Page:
Earlier this week we introduced and reviewed a few social-media dashboards to help tame your organization’s streams of updates pouring in. Many platforms (like Hootsuite, TweetDeck, and SproutSocial) also offer the ability to schedule a series of tweets to go out over days, weeks, or months. This feature is obviously handy if your charity has a similar message or link that it wants to send on a regular basis (enter it once, schedule it for Tuesdays over the next month, done!).
But how does that timing feature work, and how could your nonprofit use it to your advantage?
Though the specifics of each dashboard will be a bit different, the concept is the same and a trend toward standardization means our walkthrough with HootSuite is applicable to your choice of platform.
First, write your message – no small feat on Twitter, where you have a 140-character limit. We have suggestions on how to be . Don’t forget that hashtags (#), which allow your tweets to be searched (along with the rest of the Twitterverse) with that keyword – but they also count against your 140 characters. That said, hashtags to not support spaces, so #Super Bowl allows only to search ‘Super’. Pull words together (#SuperBowl – capitals do not matter) and save space – literally.
Then, click on the clock/calendar/timer icon to pull up the window to set the time of your tweet. Set it, and press the Schedule/Fire/Post… button of your platform. We know of no free services that allow bulk posting/scheduling, but most of the platforms have ‘Pro’ or ‘Enterprise’-level accounts that do. As a small organization with one staff member, the best thing to do is copy-to-paste the tweet in various iterations.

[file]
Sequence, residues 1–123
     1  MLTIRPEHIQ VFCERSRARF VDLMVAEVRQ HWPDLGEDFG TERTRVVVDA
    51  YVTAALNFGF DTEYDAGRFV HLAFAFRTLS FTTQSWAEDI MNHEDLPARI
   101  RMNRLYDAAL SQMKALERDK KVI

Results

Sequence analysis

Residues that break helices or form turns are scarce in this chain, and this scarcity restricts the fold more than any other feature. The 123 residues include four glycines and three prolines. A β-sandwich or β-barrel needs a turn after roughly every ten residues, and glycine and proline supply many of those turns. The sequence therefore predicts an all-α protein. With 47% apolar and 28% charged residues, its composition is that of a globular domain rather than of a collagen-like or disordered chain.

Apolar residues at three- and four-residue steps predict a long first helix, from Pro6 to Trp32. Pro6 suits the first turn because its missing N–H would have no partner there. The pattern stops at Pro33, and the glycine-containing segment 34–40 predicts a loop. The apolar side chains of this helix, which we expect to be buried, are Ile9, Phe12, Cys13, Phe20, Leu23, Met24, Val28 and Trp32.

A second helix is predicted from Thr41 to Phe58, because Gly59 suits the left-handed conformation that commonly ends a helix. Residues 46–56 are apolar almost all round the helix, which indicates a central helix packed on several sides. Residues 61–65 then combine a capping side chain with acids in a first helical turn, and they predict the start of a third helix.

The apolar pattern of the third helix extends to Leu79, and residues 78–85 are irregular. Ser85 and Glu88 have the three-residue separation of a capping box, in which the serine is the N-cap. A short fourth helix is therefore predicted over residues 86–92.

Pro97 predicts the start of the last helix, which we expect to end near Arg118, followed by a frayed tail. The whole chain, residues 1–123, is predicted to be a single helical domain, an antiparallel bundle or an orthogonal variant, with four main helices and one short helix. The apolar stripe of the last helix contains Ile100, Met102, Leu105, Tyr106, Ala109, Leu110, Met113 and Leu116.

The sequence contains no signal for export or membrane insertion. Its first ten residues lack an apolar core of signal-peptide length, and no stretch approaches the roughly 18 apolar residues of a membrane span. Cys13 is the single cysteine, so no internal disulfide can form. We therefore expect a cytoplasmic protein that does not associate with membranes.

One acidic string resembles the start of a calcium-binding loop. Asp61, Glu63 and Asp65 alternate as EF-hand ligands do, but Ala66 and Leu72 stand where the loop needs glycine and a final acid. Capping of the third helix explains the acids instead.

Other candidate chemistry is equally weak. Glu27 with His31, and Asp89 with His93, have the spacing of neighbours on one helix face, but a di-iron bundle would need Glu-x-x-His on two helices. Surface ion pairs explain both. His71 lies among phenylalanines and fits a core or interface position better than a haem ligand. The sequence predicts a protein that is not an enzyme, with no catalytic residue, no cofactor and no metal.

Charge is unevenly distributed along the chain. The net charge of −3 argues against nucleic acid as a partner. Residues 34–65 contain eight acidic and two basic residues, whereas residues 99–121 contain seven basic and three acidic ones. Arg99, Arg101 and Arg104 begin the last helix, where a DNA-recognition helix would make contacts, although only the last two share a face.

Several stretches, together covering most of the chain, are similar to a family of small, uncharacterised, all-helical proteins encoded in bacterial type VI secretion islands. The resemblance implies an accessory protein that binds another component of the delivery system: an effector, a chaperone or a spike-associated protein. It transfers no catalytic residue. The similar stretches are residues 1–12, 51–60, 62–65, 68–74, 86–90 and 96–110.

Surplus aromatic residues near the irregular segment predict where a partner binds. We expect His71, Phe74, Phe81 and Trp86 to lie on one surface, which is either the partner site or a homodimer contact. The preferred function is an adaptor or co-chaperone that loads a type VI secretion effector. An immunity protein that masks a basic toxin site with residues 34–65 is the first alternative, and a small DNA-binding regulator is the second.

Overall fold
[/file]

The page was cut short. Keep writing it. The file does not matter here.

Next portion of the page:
I don’t want an email to remind me each time a tweet goes out because Twitter automatically marks out tweets sent from my account. But if you want email confirmations, look for the button to get them.
And you’re done. But how could such a feature prove useful to your outreach strategy? Let us suggest a couple of fairly easy ways to start testing and benefiting from timing your organization’s posts.
First, with some attention to analytics, you can see at what times your posts get the most responses/clickthroughs. Does your audience tend to respond more to tweets in the early morning? Just after lunch? After dinner? Are tweets forwarded mostly on Tuesdays or Fridays? Such information can help you gage when is the best time to schedule the biggest news.
Also, scheduling helps build up momentum to a big event without requiring you to sit in front of your social-networking site all day. Fundraiser for St.Patrick’s Day? Schedule a few initial tweets over the next couple of weeks to tell people to save the date. Schedule a tweet-a-day towards the end of February – when you should start givingyou are holding or the guest speakers who will be there. In the 10-odd days before, schedule a couple of posts a day to get people focused on attending, participating, and contributing. Finally, don’t forget to thank people after the big day, and give them some hard numbers/facts about how their participation has helped.
Scheduling is pretty easy, and it offers powerful information both to your nonprofit and to the people you are inspiring.